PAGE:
San Francisco Chronicle

Mouse helped Sendak free ‘Wild Things’

- By Chad Jones Chad Jones is a freelance writer in San Francisco who blogs at www.theaterdog­ E-mail: sadolphson@sfchronicl­

Maurice Sendak had an interestin­g relationsh­ip with the world of Walt Disney. After he saw “Fantasia” at age 12, Sendak decided to become a cartoonist and sent a letter to Disney that went unanswered.

But that didn’t dim Sendak’s Disney enthusiasm. A fan of Mickey Mouse from his childhood in the 1930s — Mickey and Maurice were both born in 1928 — Sendak amassed an impressive Mickey memorabili­a collection while becoming one of the world’s most famous children’s book authors and illustrato­rs through titles like “In the Night Kitchen,” “Chicken Soup With Rice” and his most revered work, “Where the Wild Things Are.”

It’s fitting, then, that the traveling exhibition “Maurice Sendak: 50 Years, 50 Works, 50 Reasons” is landing at the Walt Disney Family Museum in the Presidio. The show, which celebrates the 50th anniversar­y of “Wild Things” with original illustrati­ons and statements from Sendak’s celebrity fans, doesn’t dwell on the Disney connection, but you can find it in the work if you know where to look.

“Disney was one of Maurice’s first storytelli­ng loves,” says Patrick Rodgers, curator of the Maurice Sendak Collection at Philadelph­ia’s Rosenbach Museum & Library. “And his affection for Mickey Mouse wasn’t always something he could be articulate about. It was the purest image of joy he had come to understand.

“The Disney connection is more than nostalgia, though. It comes up in his work, like the boy Mickey in ‘In the Night Kitchen’ is a reference to Mickey Mouse, and when he’s in a doughy costume, he even resembles Mickey Mouse in some ways. Chasing Mickey is a theme that hasn’t been pulled out of Sendak’s work enough, but it’s always there.”

60-year career

Sendak, who died a year ago at age 83, wrote in 1978: “In school, I learned to despise Walt Disney. I was told that he corrupted the fairy tale and that he was the personific­ation of poor taste. I began to suspect my own instinctua­l response to Mickey. It took me nearly 20 years to rediscover the pleasure of that first response and to fuse it with my own work as an artist. It took me just as long to forget the corrupting effect of school.”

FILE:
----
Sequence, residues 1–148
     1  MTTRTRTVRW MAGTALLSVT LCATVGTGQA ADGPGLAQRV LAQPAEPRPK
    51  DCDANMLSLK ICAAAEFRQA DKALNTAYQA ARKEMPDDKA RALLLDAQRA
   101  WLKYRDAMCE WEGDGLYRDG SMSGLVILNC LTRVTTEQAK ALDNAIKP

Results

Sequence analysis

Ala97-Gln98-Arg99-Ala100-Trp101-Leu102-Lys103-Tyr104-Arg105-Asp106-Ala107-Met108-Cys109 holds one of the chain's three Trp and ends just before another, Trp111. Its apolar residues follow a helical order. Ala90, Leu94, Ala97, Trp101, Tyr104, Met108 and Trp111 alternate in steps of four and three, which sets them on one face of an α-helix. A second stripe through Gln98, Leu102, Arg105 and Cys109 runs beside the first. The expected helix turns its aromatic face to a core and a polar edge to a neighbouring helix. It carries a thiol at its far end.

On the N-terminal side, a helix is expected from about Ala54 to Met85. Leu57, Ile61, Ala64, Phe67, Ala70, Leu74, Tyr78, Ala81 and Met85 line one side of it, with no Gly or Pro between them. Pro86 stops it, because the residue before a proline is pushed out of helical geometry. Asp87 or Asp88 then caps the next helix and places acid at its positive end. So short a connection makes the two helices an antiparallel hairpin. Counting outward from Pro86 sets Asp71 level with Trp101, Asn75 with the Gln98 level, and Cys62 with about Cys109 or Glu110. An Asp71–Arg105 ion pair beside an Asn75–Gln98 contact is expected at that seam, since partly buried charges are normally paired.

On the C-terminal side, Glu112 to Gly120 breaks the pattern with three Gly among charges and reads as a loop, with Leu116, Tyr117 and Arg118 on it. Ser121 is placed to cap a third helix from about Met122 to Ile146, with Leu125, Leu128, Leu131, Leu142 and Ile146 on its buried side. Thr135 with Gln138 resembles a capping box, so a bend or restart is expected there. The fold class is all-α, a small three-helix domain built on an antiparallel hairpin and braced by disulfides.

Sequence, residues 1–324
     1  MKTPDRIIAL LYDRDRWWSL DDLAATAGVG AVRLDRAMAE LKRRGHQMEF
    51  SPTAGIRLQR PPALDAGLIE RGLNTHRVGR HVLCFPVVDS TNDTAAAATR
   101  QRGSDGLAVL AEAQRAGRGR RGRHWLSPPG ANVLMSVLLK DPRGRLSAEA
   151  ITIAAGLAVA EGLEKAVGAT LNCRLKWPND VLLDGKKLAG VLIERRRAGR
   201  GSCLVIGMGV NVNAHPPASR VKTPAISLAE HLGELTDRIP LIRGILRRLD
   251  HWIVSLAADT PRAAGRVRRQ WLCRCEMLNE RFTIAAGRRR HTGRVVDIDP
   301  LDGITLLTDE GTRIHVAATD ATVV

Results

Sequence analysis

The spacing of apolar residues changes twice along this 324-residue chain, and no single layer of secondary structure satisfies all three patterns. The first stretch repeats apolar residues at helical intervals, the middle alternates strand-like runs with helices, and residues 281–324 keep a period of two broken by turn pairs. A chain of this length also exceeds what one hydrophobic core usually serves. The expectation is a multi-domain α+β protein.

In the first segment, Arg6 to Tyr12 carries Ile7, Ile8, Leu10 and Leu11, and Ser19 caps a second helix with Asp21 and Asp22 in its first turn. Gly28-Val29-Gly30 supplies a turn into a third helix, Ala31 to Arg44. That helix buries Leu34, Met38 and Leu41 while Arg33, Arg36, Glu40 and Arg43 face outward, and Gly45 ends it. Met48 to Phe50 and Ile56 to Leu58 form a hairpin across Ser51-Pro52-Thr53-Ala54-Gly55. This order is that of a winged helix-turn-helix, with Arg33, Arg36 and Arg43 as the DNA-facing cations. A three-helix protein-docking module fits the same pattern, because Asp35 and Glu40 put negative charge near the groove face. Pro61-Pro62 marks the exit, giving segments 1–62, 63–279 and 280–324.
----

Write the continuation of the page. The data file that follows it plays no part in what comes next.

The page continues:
The Disney Museum was one of the first venues Steven Brezzo called when he was organizing the Sendak exhibition, which he says came out of a desire to pay tribute to the artist-writer and his more than 60-year career.

“As a kid, Sendak would wear his sister’s white gloves so he’d look more like Mickey Mouse,” Brezzo says on the phone from his Manhattan office. “Of course I’d call the Disney Museum. The Disney work Sendak saw as a kid was the beginning of his relationsh­ip with art.”

In addition to the 50 illustrati­ons and drawings, mostly pulled from private collection­s and relating to “Wild Things,” Brezzo collected quotes from other artists and illustrato­rs as well as from celebritie­s like Stephen Colbert, who says that Sendak’s art “gave us a fantastica­l but unromantic­ized reminder of what childhood truly felt like. We are all honored to have been briefly invited into his world.”

Other contributo­rs include Theodor Geisel (a.k.a. Dr. Seuss), Tom Hanks, President Obama and Spike Jonze, who directed the 2009 movie adaptation of “Wild Things.”

But not everybody Brezzo contacted about Sendak had warm and fuzzy things to say.

“Maurice could be quite the curmudgeon,” Brezzo says. “He could be cantankero­us and grouchy and a challenge to work with, so more than once I had to back away from the phone when I heard the explosion at the other end. Just about everybody loved and admired his work, but not everybody would give me a nice quote. I’d say 75 percent of the people we contacted were more than generous.”

Sense of childhood

Regardless of his interperso­nal skills, Sendak’s legacy is remarkable.

“He would not speak down to children and was rapidly furious if anyone did that,” Brezzo says. “He had a private, intuitive sense of childhood filled with longing and loss. You really feel that in ‘Where the Wild Things Are.’ There’s nothing cartoony in the lithe style of his illustrati­ons depicting a prodigal son’s sense of loss, abandon and wildness.”

The Rosenbach’s Rodgers says experienci­ng Sendak’s work outside of the books — like on the walls of a museum — offers a new way to experience a complex artist.

“Sendak’s work makes great exhibition­s because there are so many allusions and hidden references and aha moments,” Rodgers says. “A good exhibition gives you a new way of understand­ing the work outside of its original context. Seeing a drawing from ‘Wild Things’ takes you immediatel­y back to the book, but then you then go someplace new. It’s sort of a reunion of the child self and the curious adult self. It’s fun in a museum to see kids and adults seeing work they know as if for the first time because they’re seeing it from a different angle.”

 ??  ?? “Wild Thing With Horn,” circa 1970s, was made for a fan.
“Wild Thing With Horn,” circa 1970s, was made for a fan.
 ?? Drawings by Maurice Sendak ?? “Little Bear With Owl,” circa 1960s, was commission­ed.
Drawings by Maurice Sendak “Little Bear With Owl,” circa 1960s, was commission­ed.
 ??  ?? “Rosie,” circa 1960s, was created for a fan.
“Rosie,” circa 1960s, was created for a fan.
 ?? Mary Altaffer / Associated Press 2011 ?? Maurice Sendak had a lifelong interest in Disney.
Mary Altaffer / Associated Press 2011 Maurice Sendak had a lifelong interest in Disney.

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